Writing Effective Site Content

by: Gail Notestine, CGAP

In Lesson 4, you learned about the tags that you need to use to make sure the search engines notice and index your site pages.

In this lesson, we will teach you the difference between writing random paragraphs that contain emphasized keywords and writing good, grammatical paragraphs that are not only search engine friendly, but also communicate your message to your visitors in an easy-to-understand, interesting way.


Sit down, with your list of keywords and choose the most popular search terms that ACCURATELY describe the message that you want your visitors to get from that page. (You should have done this for your meta keywords)

Take the list of search terms, and using them, make short sentences that describe the main idea(s) you wish to convey.

Those will be your <h3> categories.

If you want visitors that are looking for dog collars, in this case, those subtitles might perhaps be:

<h3>Dog Collars For Casual Walks</h3>

<h3>Dog Collars For Sporting Dog Training</h3>

<h3>Training Collars For Problem Dogs</h3>


Under each of those sub headers or sub categories, you should write a paragraph or two about that specific subcategory.

For instance, using the header <h3>Casual Walks</h3>, you could write about the different type of collars that are available, for use, during a causal walk, and the fact that all dogs should have on a collar so they have their tags on them (rabies and address).

Using the words, from your keyword list, for the "dog collars" page, you would want to get the keyword phrase "leather dog collar" and "leather dog collars" into the paragraph about dog collars for casual walks. These search terms get 40,500 searches each month.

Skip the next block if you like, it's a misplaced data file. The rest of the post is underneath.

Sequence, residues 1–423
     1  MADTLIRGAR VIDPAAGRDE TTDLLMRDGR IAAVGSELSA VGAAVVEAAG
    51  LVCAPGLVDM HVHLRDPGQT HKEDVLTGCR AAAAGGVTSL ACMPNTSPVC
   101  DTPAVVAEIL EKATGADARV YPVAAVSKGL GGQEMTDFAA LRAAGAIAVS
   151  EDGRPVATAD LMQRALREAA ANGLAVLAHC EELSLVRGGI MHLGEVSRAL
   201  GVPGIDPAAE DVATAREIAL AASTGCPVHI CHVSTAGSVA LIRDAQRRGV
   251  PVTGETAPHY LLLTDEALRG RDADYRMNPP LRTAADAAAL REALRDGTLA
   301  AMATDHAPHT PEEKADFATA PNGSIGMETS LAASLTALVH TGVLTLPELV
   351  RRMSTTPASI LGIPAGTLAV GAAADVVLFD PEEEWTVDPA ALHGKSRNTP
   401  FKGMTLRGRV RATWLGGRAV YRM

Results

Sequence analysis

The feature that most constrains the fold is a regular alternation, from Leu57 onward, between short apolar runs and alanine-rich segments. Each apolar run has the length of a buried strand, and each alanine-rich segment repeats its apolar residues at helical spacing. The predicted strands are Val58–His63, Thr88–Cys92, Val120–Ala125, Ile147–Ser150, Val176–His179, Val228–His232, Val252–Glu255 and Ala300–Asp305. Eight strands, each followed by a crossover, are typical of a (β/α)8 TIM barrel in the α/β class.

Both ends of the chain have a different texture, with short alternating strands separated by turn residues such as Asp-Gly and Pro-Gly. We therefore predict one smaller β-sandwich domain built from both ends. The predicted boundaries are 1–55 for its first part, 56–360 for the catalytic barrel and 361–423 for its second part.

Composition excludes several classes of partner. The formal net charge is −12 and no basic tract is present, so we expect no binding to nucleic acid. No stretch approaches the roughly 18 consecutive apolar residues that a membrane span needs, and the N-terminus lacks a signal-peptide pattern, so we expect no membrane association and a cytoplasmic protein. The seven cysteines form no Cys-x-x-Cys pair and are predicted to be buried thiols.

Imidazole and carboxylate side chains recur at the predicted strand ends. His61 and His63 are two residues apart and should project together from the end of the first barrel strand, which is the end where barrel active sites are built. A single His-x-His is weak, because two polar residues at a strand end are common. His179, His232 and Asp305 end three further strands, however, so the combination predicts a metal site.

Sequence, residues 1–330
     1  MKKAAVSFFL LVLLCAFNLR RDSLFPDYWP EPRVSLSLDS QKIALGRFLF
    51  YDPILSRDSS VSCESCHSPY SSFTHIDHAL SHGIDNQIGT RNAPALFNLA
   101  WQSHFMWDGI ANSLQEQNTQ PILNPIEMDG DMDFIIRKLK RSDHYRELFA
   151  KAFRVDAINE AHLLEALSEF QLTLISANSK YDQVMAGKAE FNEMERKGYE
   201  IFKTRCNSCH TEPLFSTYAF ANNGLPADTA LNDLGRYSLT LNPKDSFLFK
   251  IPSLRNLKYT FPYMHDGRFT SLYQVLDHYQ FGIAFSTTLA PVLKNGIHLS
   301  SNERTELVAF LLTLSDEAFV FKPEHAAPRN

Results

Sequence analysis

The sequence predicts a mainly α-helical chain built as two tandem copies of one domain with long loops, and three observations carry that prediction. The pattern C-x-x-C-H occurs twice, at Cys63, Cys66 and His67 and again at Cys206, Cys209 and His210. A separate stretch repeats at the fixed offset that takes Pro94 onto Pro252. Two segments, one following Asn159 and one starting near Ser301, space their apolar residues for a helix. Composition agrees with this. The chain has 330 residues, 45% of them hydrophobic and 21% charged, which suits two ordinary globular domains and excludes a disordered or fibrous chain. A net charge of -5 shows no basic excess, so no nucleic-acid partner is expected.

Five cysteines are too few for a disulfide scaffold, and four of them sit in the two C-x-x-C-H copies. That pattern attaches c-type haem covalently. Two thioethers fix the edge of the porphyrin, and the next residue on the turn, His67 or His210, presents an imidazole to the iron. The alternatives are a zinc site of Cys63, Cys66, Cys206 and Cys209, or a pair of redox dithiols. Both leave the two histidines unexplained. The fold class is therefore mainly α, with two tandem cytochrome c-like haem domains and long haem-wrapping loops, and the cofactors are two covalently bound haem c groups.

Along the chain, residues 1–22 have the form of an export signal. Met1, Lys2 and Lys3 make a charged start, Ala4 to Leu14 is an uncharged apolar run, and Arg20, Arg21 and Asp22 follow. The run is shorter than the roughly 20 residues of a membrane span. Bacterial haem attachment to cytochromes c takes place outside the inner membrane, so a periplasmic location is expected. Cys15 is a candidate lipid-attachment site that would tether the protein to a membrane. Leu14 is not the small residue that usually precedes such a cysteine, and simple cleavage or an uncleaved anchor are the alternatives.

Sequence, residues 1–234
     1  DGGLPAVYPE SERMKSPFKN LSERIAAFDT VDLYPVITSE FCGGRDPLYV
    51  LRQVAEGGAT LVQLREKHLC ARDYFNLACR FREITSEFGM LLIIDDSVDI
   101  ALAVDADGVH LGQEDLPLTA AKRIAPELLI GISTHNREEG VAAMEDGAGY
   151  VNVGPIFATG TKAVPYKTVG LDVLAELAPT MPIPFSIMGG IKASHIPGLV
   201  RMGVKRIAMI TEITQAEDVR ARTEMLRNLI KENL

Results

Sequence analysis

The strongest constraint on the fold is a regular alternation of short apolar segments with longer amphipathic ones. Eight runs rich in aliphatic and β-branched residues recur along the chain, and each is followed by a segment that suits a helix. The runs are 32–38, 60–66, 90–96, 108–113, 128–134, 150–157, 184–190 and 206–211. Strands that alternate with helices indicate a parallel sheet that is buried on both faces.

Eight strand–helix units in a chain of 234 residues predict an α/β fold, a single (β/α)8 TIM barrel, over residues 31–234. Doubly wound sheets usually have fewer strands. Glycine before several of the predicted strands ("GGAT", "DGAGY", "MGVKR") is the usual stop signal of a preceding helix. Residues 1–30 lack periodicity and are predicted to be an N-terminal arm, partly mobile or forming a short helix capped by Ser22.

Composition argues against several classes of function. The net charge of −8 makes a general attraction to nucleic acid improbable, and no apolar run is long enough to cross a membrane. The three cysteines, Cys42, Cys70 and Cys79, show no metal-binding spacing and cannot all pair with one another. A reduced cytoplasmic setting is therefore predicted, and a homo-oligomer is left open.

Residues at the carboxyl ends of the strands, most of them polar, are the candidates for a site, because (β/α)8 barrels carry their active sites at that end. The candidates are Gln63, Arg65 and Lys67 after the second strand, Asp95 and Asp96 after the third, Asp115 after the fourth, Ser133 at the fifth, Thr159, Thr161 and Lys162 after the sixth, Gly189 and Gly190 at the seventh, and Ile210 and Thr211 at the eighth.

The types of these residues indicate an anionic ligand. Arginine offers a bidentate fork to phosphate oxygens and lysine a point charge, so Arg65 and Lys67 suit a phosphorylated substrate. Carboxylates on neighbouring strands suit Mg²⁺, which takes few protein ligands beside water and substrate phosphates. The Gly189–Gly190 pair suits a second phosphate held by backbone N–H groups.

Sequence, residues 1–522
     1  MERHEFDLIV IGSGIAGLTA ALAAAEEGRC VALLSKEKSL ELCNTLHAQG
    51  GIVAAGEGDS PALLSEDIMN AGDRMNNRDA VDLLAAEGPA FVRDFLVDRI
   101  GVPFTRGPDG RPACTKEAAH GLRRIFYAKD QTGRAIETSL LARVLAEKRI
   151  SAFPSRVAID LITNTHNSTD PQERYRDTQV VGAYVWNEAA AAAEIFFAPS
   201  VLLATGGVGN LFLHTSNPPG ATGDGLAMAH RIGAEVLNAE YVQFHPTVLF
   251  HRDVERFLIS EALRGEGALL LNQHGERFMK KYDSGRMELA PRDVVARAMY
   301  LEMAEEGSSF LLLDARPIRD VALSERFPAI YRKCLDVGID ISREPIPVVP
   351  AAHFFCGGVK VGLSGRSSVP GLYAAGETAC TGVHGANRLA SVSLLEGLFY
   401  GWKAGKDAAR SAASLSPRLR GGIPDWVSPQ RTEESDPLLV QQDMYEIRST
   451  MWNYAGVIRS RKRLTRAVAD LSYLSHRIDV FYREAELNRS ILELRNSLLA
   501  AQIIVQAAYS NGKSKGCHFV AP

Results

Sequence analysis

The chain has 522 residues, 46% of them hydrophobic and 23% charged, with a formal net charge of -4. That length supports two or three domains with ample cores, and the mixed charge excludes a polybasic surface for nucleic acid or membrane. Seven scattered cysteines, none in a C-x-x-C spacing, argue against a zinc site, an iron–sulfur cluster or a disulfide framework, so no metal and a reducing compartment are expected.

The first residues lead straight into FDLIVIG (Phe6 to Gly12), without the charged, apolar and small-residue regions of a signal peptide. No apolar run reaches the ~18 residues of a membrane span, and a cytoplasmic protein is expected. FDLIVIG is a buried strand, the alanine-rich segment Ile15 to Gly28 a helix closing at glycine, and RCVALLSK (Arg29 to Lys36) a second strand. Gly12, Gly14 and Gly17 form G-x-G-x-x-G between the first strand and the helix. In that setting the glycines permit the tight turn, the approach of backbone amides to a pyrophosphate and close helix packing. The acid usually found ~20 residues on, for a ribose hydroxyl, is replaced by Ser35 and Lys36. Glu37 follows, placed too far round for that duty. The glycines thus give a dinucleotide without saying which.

You always want to choose the top 3-word search terms for paragraphs that appear under subcategories or sub headers.

The search engines are already going to pick up the 2-word search string "dog collars" from the <h3> tags, so you don't want to overuse them in your content paragraph.

Search engines consider the overuse of popular search terms, within the same paragraph, spamming.

Paragraphs like the following would be ignored:

"When walking your dog you must use a <em>dog collar</em>. <em>Dog Collars</em> allow you to control your dog.

<em>Dog collars</em> come in many different types, sizes, colors.

<em>Dog collars</em> are used to hold dog tags."

Better paragraphs would be:

"Every dog should have a collar. It is necessary for control and safety.

<em>Dog collars</em> come in different types, sizes, colors and materials.

<em>Leather dog collars</em> are durable, but tend to get stiff and smell when wet. <em>Nylon dog collars</em> are both durable and easily washed.

Whether you choose to use a <em>leather dog collar</em> or a <em>nylon dog collar</em> is strictly a matter of preference. Both are very effective."

As you can see, from the two examples, we have not overused one keyword phrase. We have instead managed to use four different keyword phrases, from our meta keywords list, thus telling the search engines that our site page is about those search terms.


Practice writing paragraphs for your site, using the keywords from your meta keywords list. Make sure that the paragraphs are relevant to your subject, grammatical and use your "most searched for" keyword phrases.

Use your word processing program to write your content, then run the spelling and grammar checker.

In our next lesson, we will work on writing content that is easily understood by all age, economic and education groups.

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